All those who live near an active gas field know there are odors, silica, noise, traffic, damaged roads, runoff, and bright lights that accompany all gas well pads. They are serious concerns, but not the major permanent problem. The foremost problem with homes near well pads (and compressor stations) is now, and for generations will always be, air pollution and its resultant health problems. Diesel fumes are a large part of that in the short run. Shown below in Photo 5 is a sample of the type of diesel fumes that are typically on all well pads during drilling, and then again during fracturing. Try to picture your home next to one of these locations.

I have asked many folks, and I have never found anyone who would be willing to live near this type of air pollution. Diesel exhaust fumes have a nasty track record in public health studies. But some of my neighbors have no choice in the matter. They live here; this is their home. Some of their families  have been here for generations. They are here because many of their extended families are also in the area, or in other cases they moved here purposefully and intentionally, for the peace, quiet, privacy, clean air and water, and many other now rapidly fading fine qualities. They used to like it here. No one wants one of these well pads in their backyard, or neighborhood, this close to their home.  

To make matters worse, there is a more serious problem with this particular location. Photo 3 and 4 above and Photo 6 below all show the same well pad location from different perspectives. All the homes and the air pollution source are in a deep valley. That greatly compounds the problem. The view seen in Photo 6 is a higher altitude view whereby we can now see the long, deep valley.

If you look closely, you can see the homes, the well pad, then the round water holding tank. But what is important is that the hills are about 500 feet higher. In settings like this, there are two common meteorological forces which influence air masses. First, it is normal to have temperature inversion layers which trap air in a stagnant mass. That means that whatever nasty and dangerous fumes are there, they all lay and stay in the valley. Second, there are conditions with warm days and chilly nights when the dropping temperatures cause the colder heavy air to sink, and it will slowly crawl down the valley, moving any air pollution with it, whether it is diesel exhaust fumes or the volatile organic compounds that come from dehydration plants or condensate storage tanks.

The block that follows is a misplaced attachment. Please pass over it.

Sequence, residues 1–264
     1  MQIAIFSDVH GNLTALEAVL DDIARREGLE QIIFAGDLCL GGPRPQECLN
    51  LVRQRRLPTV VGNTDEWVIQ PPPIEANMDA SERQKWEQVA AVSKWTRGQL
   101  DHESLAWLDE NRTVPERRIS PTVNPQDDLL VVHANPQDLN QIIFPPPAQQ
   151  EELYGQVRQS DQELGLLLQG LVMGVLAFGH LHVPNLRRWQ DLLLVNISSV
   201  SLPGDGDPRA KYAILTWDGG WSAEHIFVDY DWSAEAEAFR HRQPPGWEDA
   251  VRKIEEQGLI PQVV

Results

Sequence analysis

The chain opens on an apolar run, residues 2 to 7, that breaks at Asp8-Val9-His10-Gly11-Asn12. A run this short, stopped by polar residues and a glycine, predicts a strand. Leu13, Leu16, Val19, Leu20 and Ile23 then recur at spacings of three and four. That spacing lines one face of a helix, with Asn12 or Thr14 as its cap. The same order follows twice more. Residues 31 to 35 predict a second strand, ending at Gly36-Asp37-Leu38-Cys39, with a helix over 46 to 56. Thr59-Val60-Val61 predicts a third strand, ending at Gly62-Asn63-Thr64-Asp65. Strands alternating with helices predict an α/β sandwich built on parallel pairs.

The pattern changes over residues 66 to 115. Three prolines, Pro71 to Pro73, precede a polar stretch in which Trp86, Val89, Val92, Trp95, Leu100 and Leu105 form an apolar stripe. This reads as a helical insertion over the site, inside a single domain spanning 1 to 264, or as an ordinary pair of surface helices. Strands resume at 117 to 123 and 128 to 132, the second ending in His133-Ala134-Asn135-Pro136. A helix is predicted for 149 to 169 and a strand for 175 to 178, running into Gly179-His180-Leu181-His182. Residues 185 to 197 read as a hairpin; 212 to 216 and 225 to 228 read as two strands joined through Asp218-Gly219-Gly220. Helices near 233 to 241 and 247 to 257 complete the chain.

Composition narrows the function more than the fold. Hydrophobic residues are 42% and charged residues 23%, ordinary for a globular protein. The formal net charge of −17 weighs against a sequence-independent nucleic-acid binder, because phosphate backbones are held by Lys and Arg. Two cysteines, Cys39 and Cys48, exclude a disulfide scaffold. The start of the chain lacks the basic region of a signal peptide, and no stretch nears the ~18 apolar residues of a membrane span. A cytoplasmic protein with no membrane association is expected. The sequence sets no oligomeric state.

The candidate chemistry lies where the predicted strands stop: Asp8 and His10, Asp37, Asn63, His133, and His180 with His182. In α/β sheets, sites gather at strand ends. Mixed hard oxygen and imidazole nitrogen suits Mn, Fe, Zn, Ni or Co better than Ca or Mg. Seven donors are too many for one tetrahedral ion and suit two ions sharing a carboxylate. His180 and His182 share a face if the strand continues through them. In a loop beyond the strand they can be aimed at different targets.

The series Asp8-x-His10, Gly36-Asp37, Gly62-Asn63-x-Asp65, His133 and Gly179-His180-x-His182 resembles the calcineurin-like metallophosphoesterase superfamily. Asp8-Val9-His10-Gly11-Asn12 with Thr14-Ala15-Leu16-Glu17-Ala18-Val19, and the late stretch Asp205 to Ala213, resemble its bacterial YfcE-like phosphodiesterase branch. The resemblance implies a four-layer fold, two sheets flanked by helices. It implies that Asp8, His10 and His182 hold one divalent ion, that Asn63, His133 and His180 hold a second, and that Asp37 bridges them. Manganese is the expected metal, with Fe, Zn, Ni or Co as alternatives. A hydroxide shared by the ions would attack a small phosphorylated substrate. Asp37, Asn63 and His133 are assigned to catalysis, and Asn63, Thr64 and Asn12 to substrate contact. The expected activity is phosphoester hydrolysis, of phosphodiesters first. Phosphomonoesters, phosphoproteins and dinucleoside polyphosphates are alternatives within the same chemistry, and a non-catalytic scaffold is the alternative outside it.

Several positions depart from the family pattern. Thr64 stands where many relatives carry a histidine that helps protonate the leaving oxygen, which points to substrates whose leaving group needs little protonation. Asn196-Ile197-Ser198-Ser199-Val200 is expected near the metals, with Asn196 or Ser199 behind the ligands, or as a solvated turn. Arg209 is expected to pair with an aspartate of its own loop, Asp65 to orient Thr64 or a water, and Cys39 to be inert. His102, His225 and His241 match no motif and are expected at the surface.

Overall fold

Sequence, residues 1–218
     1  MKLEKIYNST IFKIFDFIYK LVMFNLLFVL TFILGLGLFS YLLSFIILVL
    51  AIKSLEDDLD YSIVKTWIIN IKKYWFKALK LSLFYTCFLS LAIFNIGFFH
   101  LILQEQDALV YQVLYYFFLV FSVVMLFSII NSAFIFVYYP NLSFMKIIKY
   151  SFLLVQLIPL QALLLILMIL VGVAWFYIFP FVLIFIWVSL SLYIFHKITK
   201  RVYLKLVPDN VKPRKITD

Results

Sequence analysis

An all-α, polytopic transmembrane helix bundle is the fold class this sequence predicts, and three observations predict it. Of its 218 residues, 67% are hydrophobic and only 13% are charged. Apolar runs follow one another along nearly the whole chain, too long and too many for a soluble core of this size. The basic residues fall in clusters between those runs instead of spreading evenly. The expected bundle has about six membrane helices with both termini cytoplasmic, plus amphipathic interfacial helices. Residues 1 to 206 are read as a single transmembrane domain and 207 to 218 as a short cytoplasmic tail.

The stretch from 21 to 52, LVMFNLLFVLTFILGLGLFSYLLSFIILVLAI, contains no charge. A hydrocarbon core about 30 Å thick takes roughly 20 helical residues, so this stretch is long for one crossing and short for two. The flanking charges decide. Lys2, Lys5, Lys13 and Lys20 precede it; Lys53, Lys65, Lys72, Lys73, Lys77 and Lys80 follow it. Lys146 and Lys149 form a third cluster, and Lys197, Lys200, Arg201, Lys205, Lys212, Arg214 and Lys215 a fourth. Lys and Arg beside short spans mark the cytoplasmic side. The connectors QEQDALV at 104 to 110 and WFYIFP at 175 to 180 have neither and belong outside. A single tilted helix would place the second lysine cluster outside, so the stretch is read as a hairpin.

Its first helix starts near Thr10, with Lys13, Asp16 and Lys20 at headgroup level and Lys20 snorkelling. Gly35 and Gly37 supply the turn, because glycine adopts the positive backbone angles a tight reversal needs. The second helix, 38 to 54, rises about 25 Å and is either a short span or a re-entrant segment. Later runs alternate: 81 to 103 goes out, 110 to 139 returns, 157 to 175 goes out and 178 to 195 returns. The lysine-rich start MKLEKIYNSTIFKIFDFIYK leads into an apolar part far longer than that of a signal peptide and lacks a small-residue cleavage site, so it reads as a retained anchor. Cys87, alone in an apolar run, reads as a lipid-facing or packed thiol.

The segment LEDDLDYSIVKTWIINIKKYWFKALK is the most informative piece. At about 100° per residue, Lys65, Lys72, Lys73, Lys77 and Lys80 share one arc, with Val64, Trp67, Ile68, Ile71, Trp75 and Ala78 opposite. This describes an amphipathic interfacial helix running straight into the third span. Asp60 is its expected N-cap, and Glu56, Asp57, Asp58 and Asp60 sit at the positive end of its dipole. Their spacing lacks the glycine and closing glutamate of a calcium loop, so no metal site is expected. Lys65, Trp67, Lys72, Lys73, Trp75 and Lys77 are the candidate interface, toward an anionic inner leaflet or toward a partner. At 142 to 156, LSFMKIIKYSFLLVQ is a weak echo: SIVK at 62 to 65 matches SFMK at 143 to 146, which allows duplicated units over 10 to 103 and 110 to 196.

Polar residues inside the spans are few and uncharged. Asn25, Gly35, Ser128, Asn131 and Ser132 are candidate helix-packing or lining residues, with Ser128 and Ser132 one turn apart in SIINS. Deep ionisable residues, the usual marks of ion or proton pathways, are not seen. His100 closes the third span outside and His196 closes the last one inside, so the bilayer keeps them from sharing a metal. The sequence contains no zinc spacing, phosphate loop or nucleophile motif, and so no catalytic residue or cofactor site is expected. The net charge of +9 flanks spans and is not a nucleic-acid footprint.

The hazardous fumes fill the valleys, surround the homes, linger for your children and grandchildren, and refuse to leave. These inversion can happen in any hollow in West Virginia, as these well pad neighbors in Tyler County know all to well:

Many a rural West Virginian has seen these inversions at this time of year, if they or their neighbors heat with wood. On many a cold day, in late afternoon when the wind dies down, and the air becomes still, the smoke does not rise. It just hangs in the valley. This is what we see in Photos 7 and 8.    

Or it might look like this, Photo 8, below. Now, the smoke or combustion products from wood stoves is relatively harmless compared to the oxides of nitrogen and benzene and the other hazardous air pollutants like the BTEX group also referred to as VOCs, or volatile organic compounds. These are benzene, ethylbenzene, toluene, and xylene. You do not want to breathe these in. But you will usually not be able to see them. At least wood-stove smoke gives you a visible sign. You know where it is and where you need to move to avoid it. The dangerous air pollutants from all the many processes required to extract shale gas are invisible, give minimal warning, and are the most harmful.